Art, beauty, truth, language
I continually revisit questions about the nature of art and artmaking, and I’ve been pondering them a lot lately.
Although I do embrace what Mary Oliver says in her poem “The Swan” (see my post for July 31) and although the act of creating beauty both delights and satisfies me, I also must recognize that I—always, and more and more—aspire to make art that not only is beautiful but also expresses meaning—by which I mean it reveals a truth.
Here is the current version of my ever-evolving definition of artmaking, at least as it pertains to me: an act of rendering (with all that word’s wonderfully resonant connotations) objects and experiences that communicate some discovered emotional truth about the nature of life (mine specifically or life in general).
I realize that this definition doesn’t mention “beauty.” On the one hand, I could accept as a premise Keats’s “‘Beauty is truth, truth beauty.’” On the other hand, perhaps I have been conflating “beauty” and “art.” Chekhov said, “Art tells the truth” (Picasso said, “Art is the lie that tells the truth”)—and beauty is enough because beauty is a truth—but must art be beautiful? Certainly, I do not find all art beautiful—is that because I don’t get the truth their makers have tried to express? Then again, not all truth is beautiful. I can find beauty in even many painful truths but certainly not in all.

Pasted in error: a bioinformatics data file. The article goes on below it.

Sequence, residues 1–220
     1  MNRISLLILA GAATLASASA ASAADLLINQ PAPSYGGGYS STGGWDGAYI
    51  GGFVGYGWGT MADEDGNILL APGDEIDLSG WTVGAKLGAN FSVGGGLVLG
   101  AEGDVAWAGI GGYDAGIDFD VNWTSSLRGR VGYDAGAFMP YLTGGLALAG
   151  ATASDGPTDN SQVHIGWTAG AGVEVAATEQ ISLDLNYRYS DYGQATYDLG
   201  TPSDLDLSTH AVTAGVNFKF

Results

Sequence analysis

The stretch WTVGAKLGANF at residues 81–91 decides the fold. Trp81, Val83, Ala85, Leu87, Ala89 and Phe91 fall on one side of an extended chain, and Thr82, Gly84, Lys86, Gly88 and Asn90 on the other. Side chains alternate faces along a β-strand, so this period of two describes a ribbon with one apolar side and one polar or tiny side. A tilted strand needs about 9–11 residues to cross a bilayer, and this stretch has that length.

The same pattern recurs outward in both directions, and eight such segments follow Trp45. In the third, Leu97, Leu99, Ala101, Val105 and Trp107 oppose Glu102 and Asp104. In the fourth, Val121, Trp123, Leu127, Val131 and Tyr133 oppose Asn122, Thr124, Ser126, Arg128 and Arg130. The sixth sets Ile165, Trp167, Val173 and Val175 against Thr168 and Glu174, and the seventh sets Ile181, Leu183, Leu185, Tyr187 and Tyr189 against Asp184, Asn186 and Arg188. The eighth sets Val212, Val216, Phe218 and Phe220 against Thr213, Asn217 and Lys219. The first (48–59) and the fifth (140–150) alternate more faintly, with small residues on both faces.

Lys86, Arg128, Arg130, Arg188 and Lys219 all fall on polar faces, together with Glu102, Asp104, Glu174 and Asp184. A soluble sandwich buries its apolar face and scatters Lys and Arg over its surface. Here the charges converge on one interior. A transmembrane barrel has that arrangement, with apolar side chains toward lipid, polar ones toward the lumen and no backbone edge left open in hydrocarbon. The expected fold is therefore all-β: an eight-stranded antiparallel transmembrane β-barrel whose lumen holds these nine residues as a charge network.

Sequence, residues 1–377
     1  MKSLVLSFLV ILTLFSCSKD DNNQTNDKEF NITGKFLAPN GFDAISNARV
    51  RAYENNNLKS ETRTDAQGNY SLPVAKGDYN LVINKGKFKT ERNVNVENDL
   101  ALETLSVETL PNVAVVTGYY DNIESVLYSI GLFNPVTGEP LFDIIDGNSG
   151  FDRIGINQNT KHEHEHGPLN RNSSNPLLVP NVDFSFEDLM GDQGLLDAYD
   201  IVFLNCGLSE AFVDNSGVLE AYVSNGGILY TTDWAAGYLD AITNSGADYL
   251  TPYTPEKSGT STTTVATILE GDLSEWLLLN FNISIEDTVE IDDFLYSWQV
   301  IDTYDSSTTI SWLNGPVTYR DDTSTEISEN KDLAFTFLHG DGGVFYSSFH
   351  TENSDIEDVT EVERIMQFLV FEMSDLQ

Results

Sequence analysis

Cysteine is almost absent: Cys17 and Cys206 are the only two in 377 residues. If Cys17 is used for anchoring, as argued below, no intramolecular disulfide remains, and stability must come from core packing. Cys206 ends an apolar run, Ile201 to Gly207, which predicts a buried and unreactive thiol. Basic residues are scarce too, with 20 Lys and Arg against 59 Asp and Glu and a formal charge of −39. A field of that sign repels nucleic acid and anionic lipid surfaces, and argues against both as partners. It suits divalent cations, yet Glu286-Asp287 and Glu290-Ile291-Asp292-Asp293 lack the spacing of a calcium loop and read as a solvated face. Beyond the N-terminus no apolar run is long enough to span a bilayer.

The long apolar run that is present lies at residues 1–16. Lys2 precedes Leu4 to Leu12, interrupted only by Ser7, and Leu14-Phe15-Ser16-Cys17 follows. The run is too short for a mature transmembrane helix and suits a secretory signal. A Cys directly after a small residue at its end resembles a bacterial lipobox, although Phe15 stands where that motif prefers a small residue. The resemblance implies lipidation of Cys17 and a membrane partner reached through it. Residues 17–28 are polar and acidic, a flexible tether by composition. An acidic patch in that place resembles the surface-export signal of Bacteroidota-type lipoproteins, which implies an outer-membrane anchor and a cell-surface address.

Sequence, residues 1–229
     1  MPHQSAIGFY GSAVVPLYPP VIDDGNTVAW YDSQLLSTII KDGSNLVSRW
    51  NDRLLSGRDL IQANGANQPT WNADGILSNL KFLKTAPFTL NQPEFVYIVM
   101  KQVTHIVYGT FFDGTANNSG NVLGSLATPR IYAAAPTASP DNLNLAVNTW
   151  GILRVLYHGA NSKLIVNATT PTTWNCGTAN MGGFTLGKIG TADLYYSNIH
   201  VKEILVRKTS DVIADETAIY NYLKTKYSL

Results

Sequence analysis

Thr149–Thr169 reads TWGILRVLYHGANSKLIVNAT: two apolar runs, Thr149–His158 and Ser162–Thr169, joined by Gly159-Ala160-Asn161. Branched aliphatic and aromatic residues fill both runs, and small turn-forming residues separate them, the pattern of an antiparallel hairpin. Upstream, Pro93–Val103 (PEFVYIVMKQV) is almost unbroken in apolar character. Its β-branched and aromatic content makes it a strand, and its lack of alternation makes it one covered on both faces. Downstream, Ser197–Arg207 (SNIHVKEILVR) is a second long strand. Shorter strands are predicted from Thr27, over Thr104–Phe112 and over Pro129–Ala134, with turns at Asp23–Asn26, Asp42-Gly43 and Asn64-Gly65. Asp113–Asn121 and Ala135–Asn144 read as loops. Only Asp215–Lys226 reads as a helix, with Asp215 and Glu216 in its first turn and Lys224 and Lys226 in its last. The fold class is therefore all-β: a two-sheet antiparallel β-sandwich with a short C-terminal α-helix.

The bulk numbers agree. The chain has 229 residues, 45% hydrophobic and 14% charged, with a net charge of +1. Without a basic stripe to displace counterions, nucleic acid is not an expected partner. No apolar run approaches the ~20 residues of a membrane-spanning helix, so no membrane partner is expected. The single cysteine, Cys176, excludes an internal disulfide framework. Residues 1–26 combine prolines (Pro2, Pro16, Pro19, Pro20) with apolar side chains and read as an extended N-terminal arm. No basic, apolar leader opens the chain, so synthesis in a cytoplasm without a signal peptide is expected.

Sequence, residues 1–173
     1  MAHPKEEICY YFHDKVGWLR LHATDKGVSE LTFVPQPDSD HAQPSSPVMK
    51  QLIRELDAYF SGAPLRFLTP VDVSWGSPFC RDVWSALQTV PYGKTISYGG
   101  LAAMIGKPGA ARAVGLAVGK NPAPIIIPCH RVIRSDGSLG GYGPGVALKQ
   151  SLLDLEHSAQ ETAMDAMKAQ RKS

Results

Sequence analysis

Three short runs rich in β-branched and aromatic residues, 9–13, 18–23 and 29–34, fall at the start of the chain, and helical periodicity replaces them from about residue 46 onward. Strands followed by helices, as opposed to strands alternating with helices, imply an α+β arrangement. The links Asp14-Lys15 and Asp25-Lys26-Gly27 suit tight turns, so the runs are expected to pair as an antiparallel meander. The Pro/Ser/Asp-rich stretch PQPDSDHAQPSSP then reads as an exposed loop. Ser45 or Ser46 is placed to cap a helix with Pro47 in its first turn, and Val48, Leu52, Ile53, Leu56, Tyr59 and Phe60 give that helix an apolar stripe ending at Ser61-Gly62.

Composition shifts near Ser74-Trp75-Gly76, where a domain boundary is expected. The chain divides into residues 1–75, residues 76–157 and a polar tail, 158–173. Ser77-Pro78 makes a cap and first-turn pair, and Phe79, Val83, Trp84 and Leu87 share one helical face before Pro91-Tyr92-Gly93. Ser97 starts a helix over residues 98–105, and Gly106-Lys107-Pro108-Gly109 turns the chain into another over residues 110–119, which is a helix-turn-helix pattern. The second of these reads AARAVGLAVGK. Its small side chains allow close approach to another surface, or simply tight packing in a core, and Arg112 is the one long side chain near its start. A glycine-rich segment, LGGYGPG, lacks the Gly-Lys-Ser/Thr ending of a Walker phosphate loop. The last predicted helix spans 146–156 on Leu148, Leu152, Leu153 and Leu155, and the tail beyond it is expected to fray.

For me, for now, the bottom line is that I have not yet wanted to create art that was not also in some way beautiful. That may be my own limitation. For now, though, I leave for another time the question of whether the art I make must be beautiful.
Thinking about expressing meaning leads me to think about language, and all the vocabularies I can use to communicate.
More than a vocabulary, each art is really a language of its own, with its own grammar and system of signs—and its own way of apprehending the world. From studying several languages (English, German, Japanese, Mandarin Chinese), I know how greatly concepts and perception (the roots of culture) can differ from language to language.
I speak woodturning now, and live in a world of curves. As a writer, I also speak not just English, but the specific dialect of formal written English. This second (first, third, whatever) language greatly shapes my wood art, as does Japanese. To a lesser extent, I also speak ceramics (mostly the dialect of vessels) and music (a family of languages: melody, rhythm, dance) in my art. I’m just beginning to try a few words and phrases from fiber arts (sewing, resist dyeing, weaving, papermaking) and metalworking in a few pieces.
One of the qualities I love most about English is its robustness, vigor that I attribute largely to the ease with which it assimilates concepts and vocabulary from other languages. (I suppose English—at least American English—and American culture?— is a bit like the Borg of languages: resistance is futile.) Such robustness is a quality I aspire to as an artist.
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